Journal of the American Heart Association 2017 09 226(9) pii e006027
In the United States, there are persistent racial and ethnic disparities in cardiovascular disease morbidity and mortality. National efforts have focused on reducing these disparities; however, little is known about the long-term trends in racial/ethnic disparities in cardiovascular health (CVH).
METHODS AND RESULTS
We included 11 285 adults aged ≥20 years from the National Health and Nutrition Examination Surveys survey cycles 1999/2000 through 2011/2012. CVH includes 7 health factors and behaviors-diet, physical activity, smoking status, body mass index, blood pressure, blood glucose, and total cholesterol-each scored as ideal (2 points), intermediate (1 point), or poor (0 points). Overall CVH is a summation of these scores (range, 0-14) points. Age-adjusted mean CVH scores were calculated by race/ethnicity (non-Hispanic black, non-Hispanic white, or Mexican American) and sex for each survey cycle. Non-Hispanic black women had significantly lower mean CVH scores as compared with non-Hispanic white women at each survey cycle (difference=0.93; P=0.001 in 2011/2012) and Mexican-American women had significantly lower mean score as compared with non-Hispanic white women at almost all survey cycles (difference=0.71; P=0.02 in 2011/2012). Differences between racial/ethnic groups were smaller for men and were mostly nonsignificant.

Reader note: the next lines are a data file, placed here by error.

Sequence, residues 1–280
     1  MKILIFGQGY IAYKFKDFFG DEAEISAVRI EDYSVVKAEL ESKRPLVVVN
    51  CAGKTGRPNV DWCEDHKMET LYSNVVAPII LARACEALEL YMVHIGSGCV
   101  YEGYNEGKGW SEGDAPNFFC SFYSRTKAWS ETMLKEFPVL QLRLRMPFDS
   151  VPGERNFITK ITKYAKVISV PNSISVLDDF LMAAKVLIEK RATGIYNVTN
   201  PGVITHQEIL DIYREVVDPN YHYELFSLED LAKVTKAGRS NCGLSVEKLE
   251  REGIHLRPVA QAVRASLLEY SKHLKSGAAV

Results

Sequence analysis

From 1999/2000 to 2011/2012, there were enduring disparities in CVH for non-Hispanic black and Mexican-American women as compared with non-Hispanic white women. Disparities that were present in 1999/2000 were present in 2011/2012, though no racial/ethnic differences became more pronounced over time. These findings provide US nationally representative data to evaluate health factors and behaviors of particular concern regarding racial/ethnic disparities in cardiovascular health.